By Kim Murphy
4:20 PM EDT, May 10, 2013
SEATTLE—Colton Harris-Moore, the serial burglar who led authorities on a chase through several states and three countries as the “Barefoot Bandit,” pleaded guilty to the last of the charges against him this week, but he would like the public to know he is not discouraged by the seven-year prison term he’s serving.
“I am working with amazing people, and I will have a beautiful life,” Harris-Moore said in a handwritten note released by his lawyers.
“If there is any truth I’ve learned, it is that absolutely anything is possible,” he wrote. “When this is over and I regain my freedom, I will bring everything I am working towards into reality.”
Harris-Moore, 22, was supposed to be out of the limelight when he was sentenced more than a year ago for his multi-state crime spree, in which he admitted stealing planes, boats, cars and food as he fled one step ahead of the law across the Pacific Northwest, and eventually further east and into the Bahamas, where he was finally captured.
He was back in court this week in Mount Vernon, Wash., though, after Skagit County’s prosecutor, unwilling to go along with the earlier multi-jurisdiction plea deal, insisted on holding him to account on crimes committed there. Those included a charge of breaking into the Anacortes Airport in 2010, stealing a plane and flying it to nearby Orcas Island.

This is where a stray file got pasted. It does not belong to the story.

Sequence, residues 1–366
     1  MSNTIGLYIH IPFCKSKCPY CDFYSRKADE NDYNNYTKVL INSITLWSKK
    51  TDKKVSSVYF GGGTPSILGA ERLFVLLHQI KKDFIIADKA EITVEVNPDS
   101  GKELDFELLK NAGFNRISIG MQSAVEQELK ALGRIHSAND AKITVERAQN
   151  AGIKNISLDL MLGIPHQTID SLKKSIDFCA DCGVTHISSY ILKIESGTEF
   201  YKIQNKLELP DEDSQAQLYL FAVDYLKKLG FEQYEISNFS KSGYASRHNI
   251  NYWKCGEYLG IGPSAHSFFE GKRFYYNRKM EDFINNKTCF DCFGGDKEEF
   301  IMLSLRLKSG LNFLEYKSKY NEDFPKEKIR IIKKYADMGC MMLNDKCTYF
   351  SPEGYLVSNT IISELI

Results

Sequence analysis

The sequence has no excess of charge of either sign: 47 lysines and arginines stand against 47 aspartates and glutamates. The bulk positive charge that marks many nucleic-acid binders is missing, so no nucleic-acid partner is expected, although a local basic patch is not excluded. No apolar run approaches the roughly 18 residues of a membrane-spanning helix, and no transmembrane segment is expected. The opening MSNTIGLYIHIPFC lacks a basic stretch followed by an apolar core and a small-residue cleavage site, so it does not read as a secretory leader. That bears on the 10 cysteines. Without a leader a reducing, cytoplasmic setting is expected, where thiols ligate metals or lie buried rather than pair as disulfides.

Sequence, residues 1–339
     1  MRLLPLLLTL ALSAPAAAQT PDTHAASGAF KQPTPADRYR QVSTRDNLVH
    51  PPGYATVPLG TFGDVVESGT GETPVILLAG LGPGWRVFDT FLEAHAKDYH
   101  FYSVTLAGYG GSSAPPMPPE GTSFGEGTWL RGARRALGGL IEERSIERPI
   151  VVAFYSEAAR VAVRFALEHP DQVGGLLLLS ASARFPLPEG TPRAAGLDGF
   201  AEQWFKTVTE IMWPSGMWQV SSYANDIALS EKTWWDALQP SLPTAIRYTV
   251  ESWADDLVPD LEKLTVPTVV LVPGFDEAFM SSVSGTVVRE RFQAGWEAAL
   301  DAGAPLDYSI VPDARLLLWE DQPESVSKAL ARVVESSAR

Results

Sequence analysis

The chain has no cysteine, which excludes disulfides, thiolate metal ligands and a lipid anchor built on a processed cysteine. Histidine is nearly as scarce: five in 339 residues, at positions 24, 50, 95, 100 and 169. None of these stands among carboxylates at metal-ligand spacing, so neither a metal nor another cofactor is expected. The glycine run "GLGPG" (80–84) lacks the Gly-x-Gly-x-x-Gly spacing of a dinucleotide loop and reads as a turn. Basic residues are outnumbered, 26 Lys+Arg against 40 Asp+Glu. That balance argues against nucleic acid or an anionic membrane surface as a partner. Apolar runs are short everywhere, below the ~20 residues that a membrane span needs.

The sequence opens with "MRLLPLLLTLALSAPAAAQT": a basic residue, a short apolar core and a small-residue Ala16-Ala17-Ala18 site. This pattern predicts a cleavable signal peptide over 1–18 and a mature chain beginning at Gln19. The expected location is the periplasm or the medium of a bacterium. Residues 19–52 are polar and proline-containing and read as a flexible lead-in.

When it turned out that Harris-Moore had already pleaded guilty to the plane theft in the earlier deal, he entered a guilty plea this week solely to the burglary charge, earning a three-month sentence that won’t extend his original prison term.
The hand-written note, attorney Lance Rosen said, was prepared to read to Superior Court Michael Rickert at the end of Wednesday’s hearing, but by that time, Harris-Moore had already missed his chance to speak in court.
“He asked me to release his statement today on his behalf to offer a public expression of his gratitude for the kindnesses and support he has received from so many good people,” Rosen said in a statement. “He has been amazed and inspired.”
Rosen has helped negotiate a movie deal about Harris-Moore, whose main criminal defense lawyer, John Henry Browne, has said was the victim of a horrendous childhood who began hiding in the woods from abusive parents and stealing to obtain food.
His upbringing was “worse than a dog’s,” Browne told the court last year.
In his letter, Harris-Moore made it clear he was determined to put his criminal past behind him.
“The past is absolutely separate from the future,” he wrote. “The past holds experiences and lessons I’ll learn from for the rest of my life, but my future is precisely what I make it.”
This week’s court hearing did have an air of finality to it, according to the Associated Press, which covered the proceedings.
“Hopefully, this is the last page and last chapter in the Colton Harris-Moore story,” the judge said.
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